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Opinion: Food Security & Nutrition

Helping the World’s Most Vulnerable Through COVID-19

Dirk Schattschneider Dirk Schattschneider
Iris Krebber Iris Krebber

COVID-19 is having an unprecedented impact on the world. Before this pandemic, there were already more than 820 million chronically hungry people globally. COVID-19 has put food right at the front of everyone’s minds as we hear about possible harvest labour shortages in Germany or see empty shelves in supermarkets in the UK. As ever, the most vulnerable are hit hardest, both at home but especially abroad.

The shock to food systems will be particularly strongly felt in low-income countries, with the potential for a global food security crisis recognised by leaders from across both the private and public sectors in the Call for Action issued by the Food and Land Use Coalition on April 9, 2020. The cascading impact of the slow-down in global economies, caused in large part by the necessary containment measures, is expected to have a long-term impact on the poverty and food security of smallholder farmers and their families in developing countries.

It is therefore critical to start thinking about the post-pandemic recovery now in order to anticipate and mitigate some of the longer-term impacts and to prevent escalation into a larger scale poverty and food crisis. This is where the Global Agriculture and Food Security Programme (GAFSP) has a role to play.

There are lessons from the past that can serve to inform how we address the consequences of COVID-19. We need to avoid today’s public health crisis becoming a food crisis tomorrow. We recall how, a decade ago, a food price spike triggered instability and a rise in the number of hungry people to nearly 1 billion.

Credit: GAFSP/Kimberly Parent

World leaders at that time recognised the need for an urgent and coordinated response to strengthen food systems in low-income countries. They realised that investment was required along value chains and knew it needed to be transparent and owned by the countries themselves. Such investment had to be channeled wherever it could be most impactful, whether that be to governments, to the private sector, or directly to farmers.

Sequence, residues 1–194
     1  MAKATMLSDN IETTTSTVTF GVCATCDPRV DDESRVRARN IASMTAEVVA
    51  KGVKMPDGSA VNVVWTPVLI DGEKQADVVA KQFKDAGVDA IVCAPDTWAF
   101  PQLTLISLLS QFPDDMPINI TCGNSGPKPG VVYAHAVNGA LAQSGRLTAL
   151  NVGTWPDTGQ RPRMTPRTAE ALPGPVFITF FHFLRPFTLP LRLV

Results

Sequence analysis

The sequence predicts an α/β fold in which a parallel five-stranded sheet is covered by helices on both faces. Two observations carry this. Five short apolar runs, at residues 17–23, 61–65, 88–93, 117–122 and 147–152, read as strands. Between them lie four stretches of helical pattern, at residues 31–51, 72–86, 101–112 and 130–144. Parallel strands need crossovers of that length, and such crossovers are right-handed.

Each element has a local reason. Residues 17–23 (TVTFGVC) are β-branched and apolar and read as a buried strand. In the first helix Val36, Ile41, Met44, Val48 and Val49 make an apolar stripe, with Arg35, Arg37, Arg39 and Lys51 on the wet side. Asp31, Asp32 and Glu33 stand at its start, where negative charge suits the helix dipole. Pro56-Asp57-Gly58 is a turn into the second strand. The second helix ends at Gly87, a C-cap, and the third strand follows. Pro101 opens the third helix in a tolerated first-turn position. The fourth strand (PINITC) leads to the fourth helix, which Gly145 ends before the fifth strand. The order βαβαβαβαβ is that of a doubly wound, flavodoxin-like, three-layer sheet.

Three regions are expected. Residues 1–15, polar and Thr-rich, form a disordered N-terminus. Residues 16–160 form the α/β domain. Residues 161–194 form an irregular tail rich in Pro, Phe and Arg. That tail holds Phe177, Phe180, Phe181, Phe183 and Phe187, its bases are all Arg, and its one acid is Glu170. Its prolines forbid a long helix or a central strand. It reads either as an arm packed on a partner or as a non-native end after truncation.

And so, in response to a call for action by the G20, GAFSP was born. Since its launch in 2010, GAFSP has been helping to build stronger food systems in poor countries around the world. GAFSP’s unique model embodies the core principles of aid effectiveness – it is a flexible financing mechanism that channels well-targeted, additional funding through existing multilateral agencies to where it can be most effective.

To date, GAFSP has allocated over $1.3 billion in grant funding, $330 million in agribusiness investment projects, and $13.2 million to support producer organisations. These funds have contributed to improving the incomes and food security of almost 13 million smallholder farmers and their families by generating US$252 million in improved income for farmers each year. Thanks also to GAFSP, approximately 1.2 million people have received nutrition services. While GAFSP has demonstrated impressive results so far, our work in fighting poverty and food insecurity is still ongoing.

Today, more than ever, the need for programmes like GAFSP is crucial as a source of financing for non-humanitarian investments in the most vulnerable countries and communities around the world. This will ensure our progress to achieve the Sustainable Development Goals is not further reversed by the ongoing pandemic. Learning lessons from previous health crises, such as Ebola, show that both immediate safety nets and investment with a view to recovery and resilience are critical to help mitigate the severity of income, food and nutrition security impacts.

The possible impacts of COVID-19 on food systems are still unfolding and the degree of severity of these impacts will vary from country to country. GAFSP’s flexible, adaptive, and comprehensive working model enables countries and recipients to use funds for virtually any type of strategic agricultural interventions, subject to their needs. The progamme pools donor funds and allocates financing via a competitive process to where the funding is most needed, where it makes the largest impact, and where recipients are ready to use the funding.

GAFSP beneficiaries and stakeholders represented in the Steering Committee call on the G20 to again show the necessary leadership and help prevent a new food security crisis from emerging due to COVID-19. This will require meaningful investment and close coordination amongst all actors in food systems, including regional efforts, country strategies, civil society and the private sector, including farmers and producers. It calls for a recommitment to programmes such as GAFSP, which works alongside its multilateral partners to deliver critical investment to those systems. We, as co-chairs of this programme, will work together to continue GAFSP’s crucial role around the world.

Dirk Schattschneider is Deputy Director General at the German Federal Ministry of Economic Cooperation and Development (BMZ) and Iris Krebber is Head of Agriculture and Land at the UK Department for International Development (DFID). 

This blog post originally appeared on the SDG2 Advocacy Hub website. It is republished with permission.

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